Regarding the charge nurse, Mendenhall wrote:

"She was visibly and audibly angry that I had more than one person accompanying me and that one of those people was a photographer. I tried showing her the emails proving this was planned. I had permission from the News and Communications department at VUMC. She was very uninterested in reading the emails I offered for proof."

Mendenhall describes a surgical staff full of compassion and care for her genuine fear for the operating room experience. The thoracolumbar fusion would be a significant undertaking with plenty of risk factors at play. Beyond that, this would be Mendenhall's fourth neurosurgery in 10 months.

One anesthesiologist made the call that to allow Mendenhall to breathe in the general anesthesia gas through a tube rather than having a mask placed over her face. They didn't want to make her feel more vulnerable than she already did.
 
 Mendenhall stated:

"Lucky for me, every single one of those O.R. staff members was a sweet baby angel. They saw me crying, and I told them I was having a panic attack. They started coaching me into good thoughts territory."

The healing begins

In Spinal Fusion Surgery Chronicles: Part IIIMendenhall awakes in the post-operative recovery suite in the series's final installment. There she learns that her surgery was much more involved than had been anticipated initially by the surgery. The operation lasted about twice as long as they'd thought it would.

Mendenhall walks the reader through waking up out of anesthesia, interacting with nursing staff, and her time on the neurosurgery ward at VUMC. She shares photos of learning to walk with the walker and physical therapy in her home after being released from the hospital. She discusses the fear that accompanied the return to home; how would she manage her pain and care without an army of nurses and other staff?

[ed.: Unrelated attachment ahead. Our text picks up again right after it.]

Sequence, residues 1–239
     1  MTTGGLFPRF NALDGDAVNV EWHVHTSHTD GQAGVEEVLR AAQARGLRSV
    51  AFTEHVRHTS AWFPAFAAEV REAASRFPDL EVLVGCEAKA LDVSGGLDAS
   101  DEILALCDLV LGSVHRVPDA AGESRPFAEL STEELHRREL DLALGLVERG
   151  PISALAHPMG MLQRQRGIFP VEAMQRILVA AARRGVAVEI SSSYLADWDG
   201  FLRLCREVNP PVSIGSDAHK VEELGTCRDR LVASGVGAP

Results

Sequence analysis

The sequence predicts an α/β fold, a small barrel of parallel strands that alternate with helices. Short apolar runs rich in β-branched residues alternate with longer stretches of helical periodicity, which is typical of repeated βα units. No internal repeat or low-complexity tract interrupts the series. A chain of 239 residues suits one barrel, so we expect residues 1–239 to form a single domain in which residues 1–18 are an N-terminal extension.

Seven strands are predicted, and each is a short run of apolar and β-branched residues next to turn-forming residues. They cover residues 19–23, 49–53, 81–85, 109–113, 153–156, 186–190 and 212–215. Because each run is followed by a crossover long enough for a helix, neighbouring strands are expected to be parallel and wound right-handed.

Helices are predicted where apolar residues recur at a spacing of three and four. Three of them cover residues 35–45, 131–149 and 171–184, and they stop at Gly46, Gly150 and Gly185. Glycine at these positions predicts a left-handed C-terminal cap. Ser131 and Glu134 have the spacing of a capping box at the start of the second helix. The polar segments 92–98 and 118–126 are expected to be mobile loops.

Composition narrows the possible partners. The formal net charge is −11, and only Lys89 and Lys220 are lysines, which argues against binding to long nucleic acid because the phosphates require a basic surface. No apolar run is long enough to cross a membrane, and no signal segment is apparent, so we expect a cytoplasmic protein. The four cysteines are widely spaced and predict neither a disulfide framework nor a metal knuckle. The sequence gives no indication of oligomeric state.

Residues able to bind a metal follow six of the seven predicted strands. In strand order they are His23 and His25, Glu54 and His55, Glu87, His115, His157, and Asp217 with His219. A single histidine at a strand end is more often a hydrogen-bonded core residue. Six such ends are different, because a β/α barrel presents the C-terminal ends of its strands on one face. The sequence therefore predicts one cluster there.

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Spoiler alert: Mendenhall survived. And she now has four working limbs and much more controllable pain. Her quality of life has increased exponentially. She cautions others to explore alternative procedures when possible, such as Artificial Disc Replacement. Mendenhall further cautions readers to strictly follow post-operative care instructions and remain active participants in their recovery.

Mendenhall closes the series with these thoughts:

"Remember that no surgery is a magical cure-all. It is imperative, in my opinion, that we follow doctor's orders and keep up with our physical rehabilitation long-term. For me, that includes exercise and an anti-inflammatory diet, and a lot of mindset work as well. Keep your head up. It isn't easy, but it's worth it.“

To read the series, visit the SpineNation blog at blog.spinenation.com. 

Updated: March 16, 2021
Disclaimer

Information provided within this article is for educational purposes and is not a substitute for medical advice. Those seeking specific medical advice should consult his or her doctor or surgeon. If you need to consult with a specialist, you may be able find a health care provider in our Specialist Finder. SpineNation does not endorse treatments, procedures, products or physicians.